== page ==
The Trump administration has taken the next step toward barring migrants who illegally cross the border from claiming asylum.
President Trump announced changes to the asylum process in a press conference last week, saying he'd soon issue an executive order requiring asylum seekers to enter the U.S. at official ports of entry. All people caught crossing in other locations would be detained indefinitely, Trump said. The Justice Department published that change to the federal record on Thursday, but added that it won't be official until Trump issues a proclamation, likely on Friday, Bloomberg reports.
Acting Attorney General Matthew Whitaker and Secretary of Homeland Security Kirstjen Nielsen released a statement introducing the rule change. In it, they said America's "asylum system is overwhelmed with too many meritless asylum claims" and claimed Trump has the "authority to suspend or restrict" any immigration into the U.S. based on "national interest." That authority is similar to what Trump cited to back up last year's travel ban, The Washington Post notes, so it's likely this proposal will also be challenged in court. The Immigration and Nationality Act says that anyone who arrives in the U.S. "whether or not at a designated port of arrival" may apply for asylum, reports CNN.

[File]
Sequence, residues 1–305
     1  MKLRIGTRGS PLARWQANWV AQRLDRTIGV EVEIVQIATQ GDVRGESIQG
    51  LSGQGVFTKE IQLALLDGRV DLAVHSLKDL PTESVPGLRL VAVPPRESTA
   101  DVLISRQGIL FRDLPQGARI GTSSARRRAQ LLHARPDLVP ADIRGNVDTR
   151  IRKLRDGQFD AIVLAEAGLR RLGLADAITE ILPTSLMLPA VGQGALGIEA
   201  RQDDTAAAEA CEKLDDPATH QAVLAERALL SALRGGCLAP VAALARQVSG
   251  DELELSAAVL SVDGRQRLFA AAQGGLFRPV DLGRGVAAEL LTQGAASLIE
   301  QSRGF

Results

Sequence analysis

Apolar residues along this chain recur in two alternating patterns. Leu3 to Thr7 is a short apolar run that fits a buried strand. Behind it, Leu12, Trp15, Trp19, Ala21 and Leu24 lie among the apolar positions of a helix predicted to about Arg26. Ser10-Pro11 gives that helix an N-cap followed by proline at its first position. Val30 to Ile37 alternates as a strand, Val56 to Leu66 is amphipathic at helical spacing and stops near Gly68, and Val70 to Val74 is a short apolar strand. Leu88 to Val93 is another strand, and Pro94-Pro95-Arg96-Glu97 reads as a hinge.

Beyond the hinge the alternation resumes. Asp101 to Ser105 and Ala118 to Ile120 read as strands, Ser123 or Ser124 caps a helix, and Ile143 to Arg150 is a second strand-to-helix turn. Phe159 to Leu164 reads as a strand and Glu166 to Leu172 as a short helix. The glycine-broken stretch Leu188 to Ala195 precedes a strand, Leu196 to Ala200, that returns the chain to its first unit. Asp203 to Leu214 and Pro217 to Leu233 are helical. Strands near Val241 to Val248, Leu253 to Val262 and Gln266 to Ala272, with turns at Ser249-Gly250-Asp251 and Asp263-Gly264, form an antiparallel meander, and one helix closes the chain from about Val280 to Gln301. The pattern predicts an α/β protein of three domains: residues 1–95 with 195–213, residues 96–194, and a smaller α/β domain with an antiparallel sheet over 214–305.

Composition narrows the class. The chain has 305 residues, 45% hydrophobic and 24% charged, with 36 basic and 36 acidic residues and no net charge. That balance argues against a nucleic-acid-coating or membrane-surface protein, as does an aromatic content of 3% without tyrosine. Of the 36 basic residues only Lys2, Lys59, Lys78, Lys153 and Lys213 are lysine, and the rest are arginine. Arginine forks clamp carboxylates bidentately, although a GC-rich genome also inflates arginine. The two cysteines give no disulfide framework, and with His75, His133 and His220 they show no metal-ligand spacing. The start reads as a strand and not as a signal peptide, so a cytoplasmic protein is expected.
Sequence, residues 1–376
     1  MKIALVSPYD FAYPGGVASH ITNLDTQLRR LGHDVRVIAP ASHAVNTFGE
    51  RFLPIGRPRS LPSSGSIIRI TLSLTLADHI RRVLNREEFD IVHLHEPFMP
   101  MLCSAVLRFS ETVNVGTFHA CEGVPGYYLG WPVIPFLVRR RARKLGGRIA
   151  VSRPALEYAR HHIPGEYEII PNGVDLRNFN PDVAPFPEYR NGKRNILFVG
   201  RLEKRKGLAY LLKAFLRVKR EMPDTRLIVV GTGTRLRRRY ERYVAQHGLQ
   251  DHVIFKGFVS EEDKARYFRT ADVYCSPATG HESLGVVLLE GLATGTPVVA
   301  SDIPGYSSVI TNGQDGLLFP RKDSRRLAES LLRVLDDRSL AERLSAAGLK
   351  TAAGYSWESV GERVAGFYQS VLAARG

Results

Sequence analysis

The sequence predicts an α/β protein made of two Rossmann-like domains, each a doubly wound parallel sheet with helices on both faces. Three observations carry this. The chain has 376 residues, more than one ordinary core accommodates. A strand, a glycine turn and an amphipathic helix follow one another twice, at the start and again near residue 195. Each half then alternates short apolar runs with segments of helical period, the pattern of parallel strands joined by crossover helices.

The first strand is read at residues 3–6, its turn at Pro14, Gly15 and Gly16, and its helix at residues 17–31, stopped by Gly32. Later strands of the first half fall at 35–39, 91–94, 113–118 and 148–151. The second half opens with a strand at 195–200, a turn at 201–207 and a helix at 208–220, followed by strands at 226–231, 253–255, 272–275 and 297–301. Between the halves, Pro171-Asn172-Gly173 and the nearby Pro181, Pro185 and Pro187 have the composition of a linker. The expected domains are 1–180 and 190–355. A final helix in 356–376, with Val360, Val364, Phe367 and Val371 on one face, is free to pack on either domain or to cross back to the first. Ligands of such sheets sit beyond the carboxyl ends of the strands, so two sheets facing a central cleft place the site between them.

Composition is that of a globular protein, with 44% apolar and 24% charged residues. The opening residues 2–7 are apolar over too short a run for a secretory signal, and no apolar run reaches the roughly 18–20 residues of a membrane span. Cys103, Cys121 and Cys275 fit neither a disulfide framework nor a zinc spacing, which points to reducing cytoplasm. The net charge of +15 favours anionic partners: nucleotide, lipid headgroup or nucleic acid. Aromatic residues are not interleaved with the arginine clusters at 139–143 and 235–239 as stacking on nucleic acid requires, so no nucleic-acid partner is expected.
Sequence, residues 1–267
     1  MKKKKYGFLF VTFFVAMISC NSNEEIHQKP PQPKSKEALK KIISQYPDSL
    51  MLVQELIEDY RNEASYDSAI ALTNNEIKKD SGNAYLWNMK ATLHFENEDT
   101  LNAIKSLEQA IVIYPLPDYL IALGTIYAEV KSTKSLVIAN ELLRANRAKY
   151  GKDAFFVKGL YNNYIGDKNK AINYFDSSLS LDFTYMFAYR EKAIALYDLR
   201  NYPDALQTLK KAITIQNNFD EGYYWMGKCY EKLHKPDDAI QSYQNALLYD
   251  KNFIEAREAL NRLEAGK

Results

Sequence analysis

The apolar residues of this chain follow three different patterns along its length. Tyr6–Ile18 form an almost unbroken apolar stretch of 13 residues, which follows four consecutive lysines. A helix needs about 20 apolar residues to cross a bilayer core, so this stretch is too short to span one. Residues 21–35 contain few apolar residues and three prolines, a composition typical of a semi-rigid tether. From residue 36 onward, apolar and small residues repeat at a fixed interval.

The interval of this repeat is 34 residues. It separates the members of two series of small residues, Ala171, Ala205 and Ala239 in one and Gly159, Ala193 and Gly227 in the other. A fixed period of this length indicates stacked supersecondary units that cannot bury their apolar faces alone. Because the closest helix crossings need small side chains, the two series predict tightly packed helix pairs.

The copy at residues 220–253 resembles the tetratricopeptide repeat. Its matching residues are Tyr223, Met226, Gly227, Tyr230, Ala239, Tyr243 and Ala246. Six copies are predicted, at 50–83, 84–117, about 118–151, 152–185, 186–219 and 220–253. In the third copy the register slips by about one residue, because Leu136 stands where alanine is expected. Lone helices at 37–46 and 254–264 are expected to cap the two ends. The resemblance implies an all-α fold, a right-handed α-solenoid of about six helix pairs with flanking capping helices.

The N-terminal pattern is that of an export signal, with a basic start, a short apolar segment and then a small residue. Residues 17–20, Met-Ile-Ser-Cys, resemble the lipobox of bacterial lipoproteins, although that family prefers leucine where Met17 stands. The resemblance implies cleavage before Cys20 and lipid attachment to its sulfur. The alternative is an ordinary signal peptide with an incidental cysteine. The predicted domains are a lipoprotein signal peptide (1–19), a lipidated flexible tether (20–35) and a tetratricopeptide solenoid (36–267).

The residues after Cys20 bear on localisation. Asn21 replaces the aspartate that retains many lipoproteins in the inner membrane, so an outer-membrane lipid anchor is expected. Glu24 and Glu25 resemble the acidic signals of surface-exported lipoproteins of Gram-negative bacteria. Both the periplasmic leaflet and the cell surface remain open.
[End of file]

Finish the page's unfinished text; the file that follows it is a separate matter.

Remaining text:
Thursday's plan doesn't explicitly apply to just Central American migrants, per the Post. But Trump did tie the proposal to the "caravan" of Central American migrants headed toward the border in his press conference, claiming the military was building facilities at the border to detain the group. The Pentagon countered, saying the military isn't building any detention facilities. Read the entire massive asylum change here. Kathryn Krawczyk